In the run-up to World Hearing Day (3rd March), the World Health Organization (WHO) and International Telecommunications Union (ITU) have released a new international standard for safe listening devices and systems.
Nearly 50% of people aged 12-35 years – or 1.1 billion young people – are at risk of hearing loss due to prolonged and excessive exposure to loud sounds, including music they listen to through personal audio devices.
Over 5% of the world’s population – or 466 million people – has disabling hearing loss (432 million adults and 34 million children); impacting on their quality of life. The majority live in low- and middle-income countries.
It is estimated that by 2050 over 900 million people – or 1 in every 10 people – will have disabling hearing loss.
Noise-induced hearing loss can be caused by a variety of environments and behaviours. For example, 40% of those frequenting such discotheques, clubs, sporting events or music concerts are exposed to potentially damaging sound levels. There is evidence that those exposed over the past 20 years to loud sounds in social settings are three times more likely to suffer hearing loss than those unexposed.
The widespread uptake of personal audio devices such as smartphones and MP3 players has added to this risk. Smartphone use in developing countries has grown from 45% in 2013 to 54% in 2015 and in in developed countries this figure stands at 87%.
It is estimated that 50% of those listening to music over their personal audio devices do so at levels that put their hearing at risk.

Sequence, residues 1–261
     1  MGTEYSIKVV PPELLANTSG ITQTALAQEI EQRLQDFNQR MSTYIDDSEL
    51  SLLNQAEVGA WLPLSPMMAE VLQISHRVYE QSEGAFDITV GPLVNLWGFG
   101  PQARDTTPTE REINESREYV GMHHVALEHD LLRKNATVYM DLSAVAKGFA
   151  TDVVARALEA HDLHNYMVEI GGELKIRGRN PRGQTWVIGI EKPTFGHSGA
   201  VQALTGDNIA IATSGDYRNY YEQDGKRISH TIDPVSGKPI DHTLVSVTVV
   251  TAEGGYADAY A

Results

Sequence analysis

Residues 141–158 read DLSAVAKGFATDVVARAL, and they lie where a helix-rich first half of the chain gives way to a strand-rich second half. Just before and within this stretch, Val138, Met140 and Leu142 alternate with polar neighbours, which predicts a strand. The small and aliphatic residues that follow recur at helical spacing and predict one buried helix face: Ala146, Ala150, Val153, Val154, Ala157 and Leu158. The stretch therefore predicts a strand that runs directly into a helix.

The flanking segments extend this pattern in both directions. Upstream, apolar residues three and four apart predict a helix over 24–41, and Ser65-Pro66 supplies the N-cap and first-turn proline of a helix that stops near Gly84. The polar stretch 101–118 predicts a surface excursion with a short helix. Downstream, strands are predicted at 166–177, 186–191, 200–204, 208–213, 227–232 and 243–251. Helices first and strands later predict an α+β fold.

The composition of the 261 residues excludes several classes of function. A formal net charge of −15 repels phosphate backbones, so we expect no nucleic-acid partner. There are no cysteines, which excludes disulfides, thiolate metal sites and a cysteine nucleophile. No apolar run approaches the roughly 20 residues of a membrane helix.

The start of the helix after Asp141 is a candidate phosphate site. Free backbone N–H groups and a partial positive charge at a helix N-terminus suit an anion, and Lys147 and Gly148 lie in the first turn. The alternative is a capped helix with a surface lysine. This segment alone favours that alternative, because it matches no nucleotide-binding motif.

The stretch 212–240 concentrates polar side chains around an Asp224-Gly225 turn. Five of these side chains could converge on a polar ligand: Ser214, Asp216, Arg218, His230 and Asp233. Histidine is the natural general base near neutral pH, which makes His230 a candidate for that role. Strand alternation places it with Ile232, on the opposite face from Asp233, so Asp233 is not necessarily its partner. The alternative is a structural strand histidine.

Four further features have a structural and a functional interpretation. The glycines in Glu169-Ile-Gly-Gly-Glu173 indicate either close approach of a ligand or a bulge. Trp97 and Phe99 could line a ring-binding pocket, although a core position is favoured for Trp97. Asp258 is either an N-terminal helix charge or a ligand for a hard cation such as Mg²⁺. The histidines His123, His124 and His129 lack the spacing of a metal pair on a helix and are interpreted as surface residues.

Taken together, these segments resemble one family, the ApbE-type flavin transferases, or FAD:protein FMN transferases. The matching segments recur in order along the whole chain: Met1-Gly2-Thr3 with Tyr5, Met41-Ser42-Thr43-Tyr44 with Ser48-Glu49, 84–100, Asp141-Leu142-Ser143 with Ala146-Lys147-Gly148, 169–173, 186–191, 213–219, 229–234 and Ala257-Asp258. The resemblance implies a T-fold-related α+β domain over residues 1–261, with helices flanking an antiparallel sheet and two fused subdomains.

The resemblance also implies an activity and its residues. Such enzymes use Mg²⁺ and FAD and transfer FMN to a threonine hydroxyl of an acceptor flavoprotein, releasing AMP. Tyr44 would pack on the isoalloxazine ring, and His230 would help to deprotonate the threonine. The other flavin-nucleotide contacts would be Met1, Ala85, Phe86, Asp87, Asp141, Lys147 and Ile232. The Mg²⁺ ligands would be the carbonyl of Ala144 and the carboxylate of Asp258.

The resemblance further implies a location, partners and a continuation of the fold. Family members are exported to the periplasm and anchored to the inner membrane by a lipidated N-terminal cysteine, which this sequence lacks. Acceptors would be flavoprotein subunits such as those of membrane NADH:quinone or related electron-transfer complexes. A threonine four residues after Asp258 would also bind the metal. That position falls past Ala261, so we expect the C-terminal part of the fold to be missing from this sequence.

Hearing loss which is not addressed poses an annual global cost of US$ 750 billion.
Overall, it is suggested that half of all cases of hearing loss can be prevented through public health measures.
Noise-induced hearing loss in young children impairs language acquisition, learning disabilities, anxiety and attention seeking behaviours are also common in children exposed to loud sounds. Chronic noise exposure in classrooms affects academic performance in areas such as reading ability, comprehension, short and long term memory, and motivation. On average, children who are exposed to noisy learning environments have lower assessment scores on standardized tests, which in the long term might affect their academic and professional development.
In adults, unaddressed hearing loss can mean loss of earnings and difficulty in finding and retaining jobs. In Europe, for example, people with unaddressed hearing loss are twice as likely to be unemployed compared to their normal hearing peers. When employed they often earn lower wages, for example in the USA, wages are found to be between 50% and 70% lower for adults with unaddressed hearing loss. It affects social relationships and can be a cause for stress in domestic relationships.
Noise exposure in young people also contributes to age-related hearing loss that can lead to significant communication difficulties, with the subsequent emotional and cognitive effect this might imply. Recent evidence suggests that outcomes such as depression, isolation, frustration, cognitive decline, and decreased personal safety are twice as common among seniors with hearing loss than those without hearing loss.